Home From the Sea

Home From the Sea

By Garland Davis

The neon lights were flashin’

And the icy wind was blowin’

Water seeped into his shoes

As the drizzle turned to snow

His eyes were red, his hopes were dead

And his wine was runnin’ low

When the old sailor came home

From the sea

 

Tears fell on the sidewalk

As he stumbled in the street

Faces stopped to stare

But no one dared to speak

For his castle was a hallway

And the bottle his only friend

When the old sailor stumbled in

From the sea

 

Up the dark and dingy staircase

The old sailor made his way

His ragged peacoat around him

As upon his cot, he lay

And he wondered how it happened

How he ended up this way

Getting lost like a fool

Here away from the sea

 

As he lay there sleeping

A vision appeared

Upon his mantle shining

A face of one so dear

Who had loved him in the Asian spring

Of a long-forgotten year

When the flowers bloomed

In her garden by the sea

 

She touched his grizzled fingers

And called him by his name

And then he heard the joyful sound

Of children at their games

In an old house on a hillside

In some forgotten village

Where the river runs down

To the Western sea

 

With a hum and roar vehicles move

Through the cavern streets

And life goes on

For the city never sleeps

And to an old forgotten sailor

The dawn will come no more

For the old man has come home

From the sea

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Getting out of the Navy? Looking for work? Good Luck!

Sea Stories and other lies

No matter how much you love the Navy (and this can change dramatically over the course of the day), you have to get out some time. When this happens, whether you retire or simply get out after your enlistment is complete, you are going to need to get another job.

While you have been serving your country, you have received many heartfelt thanks for your service. Unfortunately that gratitude does not put actual food on the table and no matter how patriotic the public is, nobody is going to pay you a livable wage to sit around the VFW telling sea stories. Trust me, I have looked into this.

So how are you going to get by? If you are lucky, you chose a rate that you love and transfers easily into civilian employment. If you are like me, you didn’t. You instead chose a rate that has no standard…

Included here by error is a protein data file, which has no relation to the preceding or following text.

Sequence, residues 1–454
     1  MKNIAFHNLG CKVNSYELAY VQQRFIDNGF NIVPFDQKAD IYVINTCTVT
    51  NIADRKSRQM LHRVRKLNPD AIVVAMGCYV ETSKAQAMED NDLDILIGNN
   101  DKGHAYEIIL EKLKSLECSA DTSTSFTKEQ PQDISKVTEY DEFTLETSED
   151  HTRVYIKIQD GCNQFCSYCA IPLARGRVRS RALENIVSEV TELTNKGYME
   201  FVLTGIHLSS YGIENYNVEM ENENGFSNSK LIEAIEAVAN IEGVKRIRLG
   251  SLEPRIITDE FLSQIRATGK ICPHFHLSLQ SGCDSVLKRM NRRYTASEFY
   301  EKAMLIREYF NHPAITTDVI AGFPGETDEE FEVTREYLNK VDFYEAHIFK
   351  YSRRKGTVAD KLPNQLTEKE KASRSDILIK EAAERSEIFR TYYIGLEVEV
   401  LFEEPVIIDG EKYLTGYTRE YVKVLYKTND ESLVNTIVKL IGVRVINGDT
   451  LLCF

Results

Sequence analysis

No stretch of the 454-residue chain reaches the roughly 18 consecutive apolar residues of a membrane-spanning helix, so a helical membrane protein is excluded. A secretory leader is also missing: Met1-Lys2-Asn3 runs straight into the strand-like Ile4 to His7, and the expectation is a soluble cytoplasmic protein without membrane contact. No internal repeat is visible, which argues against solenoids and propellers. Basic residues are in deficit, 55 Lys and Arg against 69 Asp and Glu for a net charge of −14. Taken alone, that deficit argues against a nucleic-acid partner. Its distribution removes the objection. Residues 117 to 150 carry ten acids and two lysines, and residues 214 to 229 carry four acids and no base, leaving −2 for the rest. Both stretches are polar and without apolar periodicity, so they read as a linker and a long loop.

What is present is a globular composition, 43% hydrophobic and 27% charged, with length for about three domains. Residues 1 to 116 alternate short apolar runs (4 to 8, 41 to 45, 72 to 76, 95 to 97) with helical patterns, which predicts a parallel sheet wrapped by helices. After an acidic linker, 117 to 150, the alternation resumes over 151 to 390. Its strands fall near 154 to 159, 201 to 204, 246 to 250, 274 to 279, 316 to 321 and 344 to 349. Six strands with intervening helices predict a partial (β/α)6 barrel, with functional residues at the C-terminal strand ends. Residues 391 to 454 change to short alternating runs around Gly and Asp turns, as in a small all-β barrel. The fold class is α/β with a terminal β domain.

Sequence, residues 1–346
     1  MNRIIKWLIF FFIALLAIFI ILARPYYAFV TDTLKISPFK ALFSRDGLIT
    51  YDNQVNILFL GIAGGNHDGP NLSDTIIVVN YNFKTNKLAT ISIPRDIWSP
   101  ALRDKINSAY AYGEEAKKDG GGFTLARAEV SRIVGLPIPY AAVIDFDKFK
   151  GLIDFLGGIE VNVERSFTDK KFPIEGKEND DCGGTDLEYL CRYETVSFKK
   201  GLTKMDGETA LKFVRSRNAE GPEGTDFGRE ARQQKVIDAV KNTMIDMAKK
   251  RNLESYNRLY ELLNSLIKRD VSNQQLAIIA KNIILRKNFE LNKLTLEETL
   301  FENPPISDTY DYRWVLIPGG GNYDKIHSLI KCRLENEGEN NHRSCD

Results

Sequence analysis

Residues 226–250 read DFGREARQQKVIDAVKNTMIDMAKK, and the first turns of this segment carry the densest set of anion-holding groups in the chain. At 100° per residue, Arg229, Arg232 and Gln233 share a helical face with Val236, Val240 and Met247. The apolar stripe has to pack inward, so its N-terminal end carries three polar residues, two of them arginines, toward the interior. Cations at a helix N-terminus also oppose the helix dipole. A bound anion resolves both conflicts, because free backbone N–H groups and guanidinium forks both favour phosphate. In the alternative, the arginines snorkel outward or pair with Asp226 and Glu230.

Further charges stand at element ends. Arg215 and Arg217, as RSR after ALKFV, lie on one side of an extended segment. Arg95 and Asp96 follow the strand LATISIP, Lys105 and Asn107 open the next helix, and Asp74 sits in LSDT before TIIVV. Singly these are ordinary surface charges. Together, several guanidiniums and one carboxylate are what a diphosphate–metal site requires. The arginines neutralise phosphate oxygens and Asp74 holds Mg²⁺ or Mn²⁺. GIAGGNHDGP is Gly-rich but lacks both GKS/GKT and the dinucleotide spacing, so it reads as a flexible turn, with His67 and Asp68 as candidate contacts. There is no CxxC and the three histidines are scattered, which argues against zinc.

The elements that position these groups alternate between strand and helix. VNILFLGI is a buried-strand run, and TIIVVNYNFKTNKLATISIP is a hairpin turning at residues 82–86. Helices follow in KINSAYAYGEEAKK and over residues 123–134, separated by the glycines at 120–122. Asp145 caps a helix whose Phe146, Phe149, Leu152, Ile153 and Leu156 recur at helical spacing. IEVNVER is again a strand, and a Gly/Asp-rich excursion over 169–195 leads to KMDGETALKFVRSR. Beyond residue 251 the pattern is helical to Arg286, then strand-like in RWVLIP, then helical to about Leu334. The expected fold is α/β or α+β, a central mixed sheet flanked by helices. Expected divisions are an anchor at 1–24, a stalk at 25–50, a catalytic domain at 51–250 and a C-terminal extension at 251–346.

View original post 939 more words

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The West Loch Disaster

The West Loch Disaster

A few days ago a car carrying two civilians tried to enter the Naval Station at Pearl Harbor. The security guard noticed what appeared to be a mortar round in the car. The two people in the car were taken into custody, EOD was alerted, and the base was locked down. Subsequent investigation showed that the device was inert and the people were released. This incident brought the little known story of the West Loch Disaster which, it is believed, was caused by a mortar projectile.

The West Loch Disaster was a maritime accident during World War II at the Pearl Harbor U.S. Naval Base in Hawaii. The incident, which occurred just after 1500 hrs. on Sunday 21 May 1944, began following an explosion in a staging area for Landing Ships, Tank (LSTs) and other amphibious assault ships in West Loch. A fire quickly spread among the ships being prepared for Operation Forager, the invasion of the Japanese-held Mariana Islands. Over the next 24 hours, six LSTs sank, 163 naval personnel died and 396 were injured.

A subsequent Naval Board of Inquiry never determined the exact cause of the disaster but concluded that the initial explosion was caused when a mortar round aboard LST-353 detonated during an unloading operation because it was either dropped or went off when gasoline vapors ignited. The incident – together with the Port Chicago disaster two months later – led to major changes in weapon handling practices within the United States Navy.

The LST wreckage was quickly cleared in a salvage operation and dumped at sea 3 mi (2.6 NMI; 4.8 km) south of Hawaii. Only the hull of the partially beached LST-480 was left in West Loch. A press blackout was enforced and naval personnel were ordered not to talk about the incident. The disaster was classified until 1960 and is therefore not well known.

During the salvage and removal of the wrecks from West Loch, the U.S. Navy found remains of a Japanese midget submarine. Researchers now believe this to be the fifth Japanese midget submarine used in the attack in December 1941.

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Raising the Flag

Raising the Flag

Raising the United States flag at Yokosuka, Japan on August 30, 1945, as U.S. Marines and Sailors assume responsibility for the base. Brig. Gen. William T. Clement, USMC, presided over the ceremony. In this view, the flag is at the bottom of the mast, ready to be hoisted. Official U.S. Navy Photograph, now in the collections of the National Archives.

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At Quarters

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THESE ARE MINE

THESE ARE MINE.

By Mister Mac

I share them with all who have gone through the same crucible. They (like us) were forged in pressure. They were quenched in the waters of the darkest parts of the ocean. They symbolize a tradition that is shared by only a few. Fire, flooding and the crashing of the waves above us only strengthened their character. They cannot be given, they must be earned. They cost little but their value is immense. They are silver and they are gold. But they are bonded together in shared sacrifice and duty.

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